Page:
In April 2016, Microsoft released Azure VM Scale Sets
(VMSS). Referred by many, as the successor to Azure Cloud Services
, VMSS service provides management of multiple ubiquitous load-balanced Virtual Machines as a single logical unit. This is especially useful for compute workloads, such as worker pools or web farms comprised of multiple servers doing the same type of work. VMSS is the underlying service behind Azure Service Fabric and Azure Batch. Effectively, it is becoming the core way for organizations to deploy scalable compute resources into Azure.
For organizations utilizing Azure VM Scale Sets regular reboots can help mitigate common causes of performance degradation, such as memory leaks, connections that weren’t properly closed and disposed of, etc. Similar to ensuring stability for Azure Cloud Roles CloudMonix helps with automation of common tasks that keep VM Scale Sets performing optimally.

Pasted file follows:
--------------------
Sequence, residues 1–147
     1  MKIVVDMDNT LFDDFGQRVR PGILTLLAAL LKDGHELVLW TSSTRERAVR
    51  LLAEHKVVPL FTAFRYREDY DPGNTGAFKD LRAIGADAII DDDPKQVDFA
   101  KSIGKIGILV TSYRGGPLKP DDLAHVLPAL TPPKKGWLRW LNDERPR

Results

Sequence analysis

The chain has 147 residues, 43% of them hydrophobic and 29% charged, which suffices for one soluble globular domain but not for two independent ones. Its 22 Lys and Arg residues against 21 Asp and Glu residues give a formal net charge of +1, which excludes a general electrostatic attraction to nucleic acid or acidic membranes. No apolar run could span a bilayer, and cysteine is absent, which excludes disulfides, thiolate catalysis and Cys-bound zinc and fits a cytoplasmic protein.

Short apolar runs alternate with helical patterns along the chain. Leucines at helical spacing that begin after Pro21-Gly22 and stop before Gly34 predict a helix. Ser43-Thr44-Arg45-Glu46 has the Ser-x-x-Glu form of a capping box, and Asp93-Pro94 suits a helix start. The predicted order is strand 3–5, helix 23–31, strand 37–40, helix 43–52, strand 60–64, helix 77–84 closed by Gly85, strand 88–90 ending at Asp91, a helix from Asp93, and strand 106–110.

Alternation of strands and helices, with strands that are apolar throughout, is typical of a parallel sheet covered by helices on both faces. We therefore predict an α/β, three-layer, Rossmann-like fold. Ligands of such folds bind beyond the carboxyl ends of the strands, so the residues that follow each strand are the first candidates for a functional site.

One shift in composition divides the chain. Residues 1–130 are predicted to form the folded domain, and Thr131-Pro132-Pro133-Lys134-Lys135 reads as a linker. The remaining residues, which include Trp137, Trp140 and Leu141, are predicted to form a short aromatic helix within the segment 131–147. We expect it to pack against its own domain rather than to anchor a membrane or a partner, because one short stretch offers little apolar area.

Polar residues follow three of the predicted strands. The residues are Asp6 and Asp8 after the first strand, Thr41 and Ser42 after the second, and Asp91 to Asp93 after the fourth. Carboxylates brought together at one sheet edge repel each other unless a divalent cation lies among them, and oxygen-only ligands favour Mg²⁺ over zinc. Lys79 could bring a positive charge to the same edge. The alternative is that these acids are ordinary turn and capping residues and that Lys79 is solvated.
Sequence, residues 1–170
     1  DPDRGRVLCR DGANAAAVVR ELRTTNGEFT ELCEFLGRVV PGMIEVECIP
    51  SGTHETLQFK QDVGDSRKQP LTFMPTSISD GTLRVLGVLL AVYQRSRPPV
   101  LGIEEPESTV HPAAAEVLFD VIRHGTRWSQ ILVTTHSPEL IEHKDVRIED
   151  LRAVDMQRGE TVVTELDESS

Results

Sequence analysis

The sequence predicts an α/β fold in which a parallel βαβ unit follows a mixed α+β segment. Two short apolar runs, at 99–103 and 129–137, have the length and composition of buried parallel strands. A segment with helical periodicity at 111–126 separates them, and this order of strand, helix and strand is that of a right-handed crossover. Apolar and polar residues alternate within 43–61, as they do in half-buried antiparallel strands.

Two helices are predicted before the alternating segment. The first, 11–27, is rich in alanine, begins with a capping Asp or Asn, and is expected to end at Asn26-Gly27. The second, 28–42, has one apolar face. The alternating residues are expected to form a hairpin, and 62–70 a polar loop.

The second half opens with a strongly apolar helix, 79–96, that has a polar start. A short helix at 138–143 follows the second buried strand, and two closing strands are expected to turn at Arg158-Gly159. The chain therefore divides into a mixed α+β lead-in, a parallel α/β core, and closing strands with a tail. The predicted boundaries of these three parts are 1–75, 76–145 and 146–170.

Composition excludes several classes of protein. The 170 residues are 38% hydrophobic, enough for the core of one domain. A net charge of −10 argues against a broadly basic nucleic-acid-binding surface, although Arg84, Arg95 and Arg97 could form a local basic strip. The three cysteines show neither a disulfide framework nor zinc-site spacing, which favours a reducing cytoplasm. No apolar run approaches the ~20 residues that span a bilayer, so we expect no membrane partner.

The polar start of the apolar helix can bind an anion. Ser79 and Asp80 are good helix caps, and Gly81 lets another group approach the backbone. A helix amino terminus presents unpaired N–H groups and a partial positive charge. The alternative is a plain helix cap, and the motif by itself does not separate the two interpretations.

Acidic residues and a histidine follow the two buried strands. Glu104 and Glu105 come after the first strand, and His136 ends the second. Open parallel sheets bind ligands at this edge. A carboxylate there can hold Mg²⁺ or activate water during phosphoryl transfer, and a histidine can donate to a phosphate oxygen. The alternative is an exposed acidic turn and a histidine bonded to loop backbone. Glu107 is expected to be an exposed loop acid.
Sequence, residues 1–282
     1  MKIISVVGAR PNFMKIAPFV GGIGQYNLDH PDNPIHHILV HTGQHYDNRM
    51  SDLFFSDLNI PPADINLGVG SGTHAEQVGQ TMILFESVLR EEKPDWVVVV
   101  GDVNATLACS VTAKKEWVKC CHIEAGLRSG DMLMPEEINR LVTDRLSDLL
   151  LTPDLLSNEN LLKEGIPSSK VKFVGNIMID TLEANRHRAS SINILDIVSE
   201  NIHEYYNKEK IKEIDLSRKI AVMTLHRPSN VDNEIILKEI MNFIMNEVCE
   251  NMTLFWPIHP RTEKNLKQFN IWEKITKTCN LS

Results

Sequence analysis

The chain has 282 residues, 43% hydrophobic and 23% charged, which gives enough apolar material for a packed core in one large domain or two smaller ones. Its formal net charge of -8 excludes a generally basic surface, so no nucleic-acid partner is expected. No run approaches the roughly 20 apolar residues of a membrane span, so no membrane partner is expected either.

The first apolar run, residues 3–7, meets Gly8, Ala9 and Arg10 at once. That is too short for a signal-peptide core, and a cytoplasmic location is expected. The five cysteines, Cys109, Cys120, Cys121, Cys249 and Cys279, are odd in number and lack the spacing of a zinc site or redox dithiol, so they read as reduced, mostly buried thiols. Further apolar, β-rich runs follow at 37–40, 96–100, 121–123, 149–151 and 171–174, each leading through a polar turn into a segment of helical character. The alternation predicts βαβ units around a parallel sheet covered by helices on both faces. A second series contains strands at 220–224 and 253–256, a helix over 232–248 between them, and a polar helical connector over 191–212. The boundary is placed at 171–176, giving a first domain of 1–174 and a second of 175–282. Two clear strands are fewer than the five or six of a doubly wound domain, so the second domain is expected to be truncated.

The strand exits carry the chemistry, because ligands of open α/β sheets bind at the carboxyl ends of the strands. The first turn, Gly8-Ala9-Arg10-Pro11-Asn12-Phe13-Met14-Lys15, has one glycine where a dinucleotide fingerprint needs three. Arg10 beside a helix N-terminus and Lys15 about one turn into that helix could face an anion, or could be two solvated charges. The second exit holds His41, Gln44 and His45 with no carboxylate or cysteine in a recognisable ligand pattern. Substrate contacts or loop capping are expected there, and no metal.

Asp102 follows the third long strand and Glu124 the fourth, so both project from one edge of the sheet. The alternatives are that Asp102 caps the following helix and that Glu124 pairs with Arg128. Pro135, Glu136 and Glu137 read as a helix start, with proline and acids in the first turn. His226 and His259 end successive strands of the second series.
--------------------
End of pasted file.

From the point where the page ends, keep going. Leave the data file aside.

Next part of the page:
In this case study, we’ll discuss a few very simple approaches to keep your Azure VM Scale Sets stable proactively and reactively as well as saving costs with the proper management of the time an application is up and running.
Proactive stability – DAILY SCHEDULED REBOOTS
Rebooting VM Scale Sets on a regular basis ensures that applications are stable and perform optimally. The longer a server is running without reboots, the more issues and performance degradations influence it. Memory and disk fragmentation, poorly closed connections, obsolete data in a cache, large temporary folders, and of course memory leaks can cause very poor application performance.
CloudMonix allows performing proactive daily reboots at a simple checkbox click. Read below >
Reactive stability – REBOOTS ON DEMAND
Reboots on demand are the reactive measure to deal with critical issues that an application may encounter throughout the day. Severe memory leaks, queued up or “stuck” IIS requests, hung processes, etc. can all lead to major instability of the application at random times during the day.
CloudMonix allows for immediate and automatic recovery from such events via reboots on-demand. Read below >